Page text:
Same CBDs Remain on Podium, But Fluctuations Set Stage for Close Race

New York City, NY remains the ultimate coworkers’ playground with more than 160 flex workspaces in Midtown Manhattan and the Financial District alone, as well as almost 360 in all five boroughs — 20 more than last year. However, even as it maintained its pole position and substantial head start over any other U.S. market, The Big Apple also saw the largest drop in the number of coworking spaces in its business districts: NYC totaled 17 less than it did in 2023 to mark a roughly 10% contraction of its CBD inventory. Even so, the city’s #1 spot in this ranking should remain safe for the foreseeable future.


In the middle of the country, Chicago, IL counts 55 coworking spaces in and around the Loop that represent more than half of the city’s total inventory. However, this means 16 fewer spaces than last year, which is an even more significant difference than New York’s 17 considering the proportions. Plus, while there was moderate growth in other parts of the city, it wasn’t enough to offset the sudden nosedive in the downtown area, which now counts 98 flexible workspaces throughout the city — down from 107 in 2023.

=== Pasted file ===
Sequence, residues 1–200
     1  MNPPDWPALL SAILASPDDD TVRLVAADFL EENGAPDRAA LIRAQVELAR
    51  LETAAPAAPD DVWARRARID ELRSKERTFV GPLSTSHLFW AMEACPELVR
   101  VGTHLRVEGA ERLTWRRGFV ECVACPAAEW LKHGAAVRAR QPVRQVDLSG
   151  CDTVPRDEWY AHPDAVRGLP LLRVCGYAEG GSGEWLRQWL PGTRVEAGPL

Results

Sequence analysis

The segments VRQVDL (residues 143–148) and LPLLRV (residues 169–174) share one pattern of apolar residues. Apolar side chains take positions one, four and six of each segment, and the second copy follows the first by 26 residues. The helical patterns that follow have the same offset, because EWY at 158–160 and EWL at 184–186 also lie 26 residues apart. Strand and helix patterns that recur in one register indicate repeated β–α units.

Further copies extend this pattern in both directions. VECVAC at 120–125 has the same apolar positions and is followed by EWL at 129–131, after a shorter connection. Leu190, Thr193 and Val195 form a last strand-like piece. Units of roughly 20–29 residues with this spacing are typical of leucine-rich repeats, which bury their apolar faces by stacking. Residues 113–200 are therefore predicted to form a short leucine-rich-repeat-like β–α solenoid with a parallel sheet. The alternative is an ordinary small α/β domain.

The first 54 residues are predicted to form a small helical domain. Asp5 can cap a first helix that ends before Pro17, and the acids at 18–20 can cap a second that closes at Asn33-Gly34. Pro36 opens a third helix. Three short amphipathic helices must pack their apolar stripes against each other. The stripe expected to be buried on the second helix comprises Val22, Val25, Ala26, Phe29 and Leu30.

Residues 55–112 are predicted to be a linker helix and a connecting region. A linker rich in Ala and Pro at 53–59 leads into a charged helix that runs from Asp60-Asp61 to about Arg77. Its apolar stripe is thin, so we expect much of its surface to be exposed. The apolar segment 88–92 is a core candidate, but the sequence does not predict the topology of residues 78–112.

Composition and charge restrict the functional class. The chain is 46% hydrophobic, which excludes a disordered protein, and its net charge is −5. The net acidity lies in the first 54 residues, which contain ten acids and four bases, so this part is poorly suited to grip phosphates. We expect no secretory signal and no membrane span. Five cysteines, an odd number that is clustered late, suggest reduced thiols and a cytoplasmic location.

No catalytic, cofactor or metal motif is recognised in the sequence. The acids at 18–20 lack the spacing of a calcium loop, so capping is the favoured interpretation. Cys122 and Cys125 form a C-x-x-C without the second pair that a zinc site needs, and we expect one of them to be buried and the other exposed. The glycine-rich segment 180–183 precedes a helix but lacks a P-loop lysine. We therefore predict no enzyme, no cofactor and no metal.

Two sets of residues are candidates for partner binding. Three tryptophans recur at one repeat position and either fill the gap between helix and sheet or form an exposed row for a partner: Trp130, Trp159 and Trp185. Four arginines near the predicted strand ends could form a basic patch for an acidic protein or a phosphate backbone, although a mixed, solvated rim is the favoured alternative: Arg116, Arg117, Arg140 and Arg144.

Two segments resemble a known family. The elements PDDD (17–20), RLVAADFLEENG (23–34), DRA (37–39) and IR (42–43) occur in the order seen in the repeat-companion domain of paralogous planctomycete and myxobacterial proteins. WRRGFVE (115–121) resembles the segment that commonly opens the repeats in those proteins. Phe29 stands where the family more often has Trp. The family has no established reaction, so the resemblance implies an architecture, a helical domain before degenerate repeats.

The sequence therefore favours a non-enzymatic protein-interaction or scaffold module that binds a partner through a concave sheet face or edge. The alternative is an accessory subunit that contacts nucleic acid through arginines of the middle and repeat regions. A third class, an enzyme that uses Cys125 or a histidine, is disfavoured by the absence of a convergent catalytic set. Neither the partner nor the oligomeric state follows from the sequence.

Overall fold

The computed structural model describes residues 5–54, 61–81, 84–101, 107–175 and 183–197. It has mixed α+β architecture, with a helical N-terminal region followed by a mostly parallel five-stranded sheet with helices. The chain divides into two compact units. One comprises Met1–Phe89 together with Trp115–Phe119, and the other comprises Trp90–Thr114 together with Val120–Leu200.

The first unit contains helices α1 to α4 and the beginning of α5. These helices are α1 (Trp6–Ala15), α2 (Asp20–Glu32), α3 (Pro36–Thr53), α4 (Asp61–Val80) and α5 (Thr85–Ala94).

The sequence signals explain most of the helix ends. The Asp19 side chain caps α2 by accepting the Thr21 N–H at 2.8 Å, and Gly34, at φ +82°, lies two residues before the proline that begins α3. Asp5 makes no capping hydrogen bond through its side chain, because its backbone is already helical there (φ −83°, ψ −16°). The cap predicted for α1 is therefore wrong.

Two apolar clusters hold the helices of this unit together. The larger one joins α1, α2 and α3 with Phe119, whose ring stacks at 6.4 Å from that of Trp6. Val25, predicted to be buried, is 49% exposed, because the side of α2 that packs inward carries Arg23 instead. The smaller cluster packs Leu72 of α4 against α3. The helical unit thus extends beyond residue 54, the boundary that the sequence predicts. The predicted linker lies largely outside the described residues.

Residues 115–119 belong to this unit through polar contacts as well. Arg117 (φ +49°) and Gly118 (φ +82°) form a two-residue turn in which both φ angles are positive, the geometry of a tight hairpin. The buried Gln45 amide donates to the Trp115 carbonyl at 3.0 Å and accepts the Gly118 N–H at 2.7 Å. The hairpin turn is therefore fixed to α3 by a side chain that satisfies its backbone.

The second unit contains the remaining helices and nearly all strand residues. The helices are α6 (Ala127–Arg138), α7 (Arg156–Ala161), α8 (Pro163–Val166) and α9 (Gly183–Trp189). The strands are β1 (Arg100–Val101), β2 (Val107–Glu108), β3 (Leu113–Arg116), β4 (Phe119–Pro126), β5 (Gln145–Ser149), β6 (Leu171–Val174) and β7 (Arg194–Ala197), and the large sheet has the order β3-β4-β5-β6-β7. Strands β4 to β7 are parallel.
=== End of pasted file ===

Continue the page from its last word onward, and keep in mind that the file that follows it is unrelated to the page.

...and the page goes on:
Next — and in the context of the retreat seen throughout the last year as the coworking segment continued to consolidate in the largest local economies — the fact that Washington, D.C. held on to all 54 of its CBD flex spaces is no small feat. Instead, this stability is indicative of a mature market, and the high concentration within the business district (69%) further highlights the continued appeal of flexible work solutions for government agencies, NGOs and advocacy groups. It’s also worth noting that all of these factors — coupled with the significant shift in Chicago — put D.C. within a hair’s breadth of second place, so it should be interesting to follow the future development of the city’s downtown coworking scene.